The answer is race and all that is attached to it, like inequality, poverty and inherited privilege. It has been poorly attended to for so long that any incident which pushes the boundaries of social acceptance is likely to spark a furious race debate if provoked by a person of the “wrong” colour.

Therefore the anger to both the painting and the DA march is not unconnected to the race of the instigators and other parties involved.

It also indicates that whatever attempts have been made to fashion a social consensus across different races has failed dismally. For this I blame a lack of candour and visionary, steady leadership on the issue since 1994. President Nelson Mandela spent much of his five years entrenching symbolism through sport and other gestures. President Thabo Mbeki attempted to deal openly with race but sometimes strayed too far from the middle ground within which he needed to stay to carry influence across the divide. Yet they didn’t lack consciousness of what we needed to understand and do.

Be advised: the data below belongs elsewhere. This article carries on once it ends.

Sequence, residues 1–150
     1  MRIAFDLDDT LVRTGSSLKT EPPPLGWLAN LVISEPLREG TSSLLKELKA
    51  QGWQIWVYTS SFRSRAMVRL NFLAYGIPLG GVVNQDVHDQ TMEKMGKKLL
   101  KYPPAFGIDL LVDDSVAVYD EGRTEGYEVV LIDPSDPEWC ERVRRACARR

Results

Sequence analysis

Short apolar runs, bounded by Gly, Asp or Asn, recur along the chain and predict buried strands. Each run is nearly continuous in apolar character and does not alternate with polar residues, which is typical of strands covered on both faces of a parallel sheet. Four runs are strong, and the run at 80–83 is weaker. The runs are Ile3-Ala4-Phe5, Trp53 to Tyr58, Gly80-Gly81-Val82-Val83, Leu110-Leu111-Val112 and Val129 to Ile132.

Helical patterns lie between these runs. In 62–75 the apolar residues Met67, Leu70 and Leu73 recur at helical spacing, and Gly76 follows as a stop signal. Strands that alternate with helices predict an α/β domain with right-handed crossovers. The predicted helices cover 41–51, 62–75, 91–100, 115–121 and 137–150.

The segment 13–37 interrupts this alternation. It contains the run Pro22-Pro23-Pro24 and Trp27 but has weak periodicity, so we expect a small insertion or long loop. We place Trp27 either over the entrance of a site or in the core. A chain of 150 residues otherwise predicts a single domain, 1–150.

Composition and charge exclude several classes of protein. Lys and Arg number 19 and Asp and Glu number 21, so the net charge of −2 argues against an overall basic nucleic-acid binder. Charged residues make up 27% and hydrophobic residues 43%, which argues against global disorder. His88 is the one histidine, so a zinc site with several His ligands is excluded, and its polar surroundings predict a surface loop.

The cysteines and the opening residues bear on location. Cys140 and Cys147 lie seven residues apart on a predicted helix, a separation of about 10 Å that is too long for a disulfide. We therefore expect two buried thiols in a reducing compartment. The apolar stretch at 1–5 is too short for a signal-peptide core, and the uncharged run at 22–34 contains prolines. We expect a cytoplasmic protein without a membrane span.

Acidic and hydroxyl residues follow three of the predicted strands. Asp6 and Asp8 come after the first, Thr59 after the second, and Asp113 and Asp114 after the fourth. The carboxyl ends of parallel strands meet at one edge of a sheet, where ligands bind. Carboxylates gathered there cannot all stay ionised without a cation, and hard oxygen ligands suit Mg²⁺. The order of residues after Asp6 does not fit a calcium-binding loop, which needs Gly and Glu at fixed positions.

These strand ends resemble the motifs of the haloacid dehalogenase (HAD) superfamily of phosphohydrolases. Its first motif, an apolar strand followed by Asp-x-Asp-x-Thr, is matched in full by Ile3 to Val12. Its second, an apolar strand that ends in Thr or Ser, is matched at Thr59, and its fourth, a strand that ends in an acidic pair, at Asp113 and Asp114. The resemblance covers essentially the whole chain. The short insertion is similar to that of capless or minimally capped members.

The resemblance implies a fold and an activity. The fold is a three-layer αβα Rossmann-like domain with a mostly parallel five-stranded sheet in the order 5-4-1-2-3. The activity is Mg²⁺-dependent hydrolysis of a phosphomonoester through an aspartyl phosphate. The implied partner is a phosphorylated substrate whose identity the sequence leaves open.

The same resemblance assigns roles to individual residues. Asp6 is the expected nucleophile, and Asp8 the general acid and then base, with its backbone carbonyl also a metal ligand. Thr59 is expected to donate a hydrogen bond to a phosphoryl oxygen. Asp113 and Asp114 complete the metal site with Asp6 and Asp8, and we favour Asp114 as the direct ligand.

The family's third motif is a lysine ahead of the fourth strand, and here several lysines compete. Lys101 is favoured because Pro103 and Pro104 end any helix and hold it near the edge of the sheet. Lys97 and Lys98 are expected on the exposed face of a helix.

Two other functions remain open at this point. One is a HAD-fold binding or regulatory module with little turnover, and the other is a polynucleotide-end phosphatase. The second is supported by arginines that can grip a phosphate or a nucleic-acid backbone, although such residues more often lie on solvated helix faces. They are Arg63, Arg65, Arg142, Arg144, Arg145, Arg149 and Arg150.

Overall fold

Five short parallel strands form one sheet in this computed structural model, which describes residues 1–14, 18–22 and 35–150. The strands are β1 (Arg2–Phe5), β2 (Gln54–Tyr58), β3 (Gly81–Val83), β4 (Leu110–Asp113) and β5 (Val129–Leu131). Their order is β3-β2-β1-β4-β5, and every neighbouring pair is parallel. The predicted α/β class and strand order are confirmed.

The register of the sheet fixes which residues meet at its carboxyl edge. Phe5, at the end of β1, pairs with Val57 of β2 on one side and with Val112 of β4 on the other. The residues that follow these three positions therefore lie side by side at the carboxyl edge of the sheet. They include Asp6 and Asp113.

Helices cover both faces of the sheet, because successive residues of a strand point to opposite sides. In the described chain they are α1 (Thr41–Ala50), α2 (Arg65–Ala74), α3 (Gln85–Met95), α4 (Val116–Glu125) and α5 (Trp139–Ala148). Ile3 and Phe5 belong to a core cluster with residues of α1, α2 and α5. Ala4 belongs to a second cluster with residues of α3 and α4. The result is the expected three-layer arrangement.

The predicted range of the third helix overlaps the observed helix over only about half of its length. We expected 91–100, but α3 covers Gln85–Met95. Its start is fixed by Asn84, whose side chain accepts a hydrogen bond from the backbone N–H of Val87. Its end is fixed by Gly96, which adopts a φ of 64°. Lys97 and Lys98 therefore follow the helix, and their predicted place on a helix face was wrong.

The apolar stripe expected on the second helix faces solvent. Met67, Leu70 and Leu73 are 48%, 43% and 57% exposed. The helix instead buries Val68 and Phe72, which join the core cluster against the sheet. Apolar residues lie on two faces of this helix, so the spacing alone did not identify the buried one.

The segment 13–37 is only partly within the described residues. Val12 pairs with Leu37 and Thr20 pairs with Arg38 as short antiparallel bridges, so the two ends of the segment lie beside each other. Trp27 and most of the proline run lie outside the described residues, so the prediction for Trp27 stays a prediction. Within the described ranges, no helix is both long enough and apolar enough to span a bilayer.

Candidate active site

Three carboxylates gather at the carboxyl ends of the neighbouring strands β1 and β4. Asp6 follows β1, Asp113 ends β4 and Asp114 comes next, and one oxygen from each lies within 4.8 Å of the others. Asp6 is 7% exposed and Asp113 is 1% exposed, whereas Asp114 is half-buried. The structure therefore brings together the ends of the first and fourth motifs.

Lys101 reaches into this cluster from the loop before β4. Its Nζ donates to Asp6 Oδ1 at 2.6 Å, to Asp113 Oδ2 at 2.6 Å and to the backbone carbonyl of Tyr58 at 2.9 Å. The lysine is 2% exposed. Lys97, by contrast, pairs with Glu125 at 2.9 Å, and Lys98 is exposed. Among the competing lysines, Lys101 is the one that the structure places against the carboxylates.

Mandela used his last State of the Nation Address to drive home what we need to do, and warned of the perils of papering over the cracks.

“The critical act of reconciliation is the dismantling of what remains of apartheid practices and attitudes. Reconciliation, without this major step, will be transient, the ode of false hope on the lips of fools.”

Many black South Africans feel that practices and attitudes that entrenched a privileged position for whites remain, albeit in concealed form. Over the past decade there has been growing anger and resentment based on a belief that there is no conversation that validates the historical pain and humiliation of black people while they are obliged to remain committed to reconciliation to allay the fears of their white compatriots. This gripe has often been carefully concealed for fear of upsetting the popular narrative that Mandela magically made SA’s races love each other.

The reaction to the controversial painting and the sight of black marchers supporting the DA is a symptom of this state of affairs.